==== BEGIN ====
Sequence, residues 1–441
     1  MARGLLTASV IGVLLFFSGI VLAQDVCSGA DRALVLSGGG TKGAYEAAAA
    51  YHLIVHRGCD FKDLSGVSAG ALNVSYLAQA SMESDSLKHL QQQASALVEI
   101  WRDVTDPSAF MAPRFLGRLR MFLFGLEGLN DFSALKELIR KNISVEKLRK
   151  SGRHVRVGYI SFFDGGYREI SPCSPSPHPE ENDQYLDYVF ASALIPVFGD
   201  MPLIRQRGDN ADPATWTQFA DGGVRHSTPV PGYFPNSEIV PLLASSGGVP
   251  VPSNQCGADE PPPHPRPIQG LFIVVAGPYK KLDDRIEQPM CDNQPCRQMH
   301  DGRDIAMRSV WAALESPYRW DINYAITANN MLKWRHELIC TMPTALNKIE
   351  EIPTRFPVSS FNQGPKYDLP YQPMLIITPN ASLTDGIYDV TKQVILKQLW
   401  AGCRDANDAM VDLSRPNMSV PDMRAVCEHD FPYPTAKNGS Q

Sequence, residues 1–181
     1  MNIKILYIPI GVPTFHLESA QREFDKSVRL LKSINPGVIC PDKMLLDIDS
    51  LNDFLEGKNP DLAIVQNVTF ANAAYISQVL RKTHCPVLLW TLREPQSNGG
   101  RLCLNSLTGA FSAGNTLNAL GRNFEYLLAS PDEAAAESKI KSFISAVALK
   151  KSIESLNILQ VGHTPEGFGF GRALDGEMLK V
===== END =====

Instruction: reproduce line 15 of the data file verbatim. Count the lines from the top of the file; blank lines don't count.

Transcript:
   151  KSIESLNILQ VGHTPEGFGF GRALDGEMLK V